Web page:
While running errands with Zydeco this past weekend, we stopped at the post office and waited in line to mail a package. We'd just left the orthopedist and Zydeco's arm was officially free and soaking up Vitamin D once again. Chatting with him in line, I noticed a much older, gray haired black gentleman standing in front of us. The band on the back of his baseball cap read "Redtails" and a memory was sparked in my brain. I just couldn't quite place the term. Then I read the back of the gentleman's sweatshirt. Under various pictures of old-time jet fighters with red tips was a phrase about "bringing them all home safely."
Then it hit me - Redtails. Tuskegee Airmen. History.
I studied the back of this man, judging his age to be about right for him to have been an Airmen circa World War II. As I was drumming up courage to ask a complete stranger about his life, the young woman behind us jumped right in and asked for me. She was in uniform - the standard Air Force Battle Uniform - and was so excited to hear him say, "Yes, I am a Tuskgekee Airman."
Zydeco immediately perked up and joined the conversation. He'd heard of Tuskegee, but didn't understand the significance of these Airmen. Mr. Erza Hill, Sr. was generous with his discussion and even offered to stand off to the side and chat with us and the young female airman after we'd all finished our post office business. We learned about his story - he was too young to serve during WWII, but was so inspired by the achievements of (then) Capt. Benjamin O. Davis, Jr. that he, too, entered the Air Force and trained at Tuskegee. He lead a distinguished career in his own right and was proud to receive a Congressional Medal of Honor with his Tuskegee peers.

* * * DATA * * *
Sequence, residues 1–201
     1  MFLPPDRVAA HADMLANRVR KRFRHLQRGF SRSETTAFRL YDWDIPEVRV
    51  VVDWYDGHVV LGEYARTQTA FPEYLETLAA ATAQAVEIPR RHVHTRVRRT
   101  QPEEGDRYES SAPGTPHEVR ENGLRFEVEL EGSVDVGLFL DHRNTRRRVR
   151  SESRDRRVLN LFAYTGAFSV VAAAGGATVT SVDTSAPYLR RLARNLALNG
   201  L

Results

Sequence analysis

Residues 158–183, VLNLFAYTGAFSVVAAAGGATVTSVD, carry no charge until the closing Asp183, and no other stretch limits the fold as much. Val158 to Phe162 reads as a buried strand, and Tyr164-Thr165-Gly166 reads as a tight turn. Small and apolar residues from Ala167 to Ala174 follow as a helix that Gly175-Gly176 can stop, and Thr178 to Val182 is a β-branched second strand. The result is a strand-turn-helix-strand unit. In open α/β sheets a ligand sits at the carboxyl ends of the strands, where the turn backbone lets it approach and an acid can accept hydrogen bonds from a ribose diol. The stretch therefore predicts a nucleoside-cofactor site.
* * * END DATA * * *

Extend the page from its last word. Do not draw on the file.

The young airman, also African American, told of her inspiration to join the Air Force based on the groundbreaking work of the original Tuskegee men. Her joy and exuberance at meeting a "real" Airman was palpable. I gladly snapped several pictures of her with Mr. Hill.
Mr. Hill explained that, following his retirement, he eagerly traveled to share his story and that of the famed Airmen in order to educate youth. He even published a children's book recounting the establishment of the Tuskegee Airmen. Since he mentioned having copies with him, I was happy to get one for Zydeco. We were even able to snap a quick shot of them together.
We've always enjoyed and appreciated living in this history rich section of the United States. We've often visited the Historic Triangle areas and traveled just a few hours to tour and learn about Monticello, D.C., and the James River Plantations. I love enriching my children's educations with family tours and experiences - I just didn't realize I would accomplish this by simply running errands. Truthfully, more learning occurred for Zydeco in those twenty minutes spent in a dusty post office corner than in any tour, lecture or video presented at any historic venue.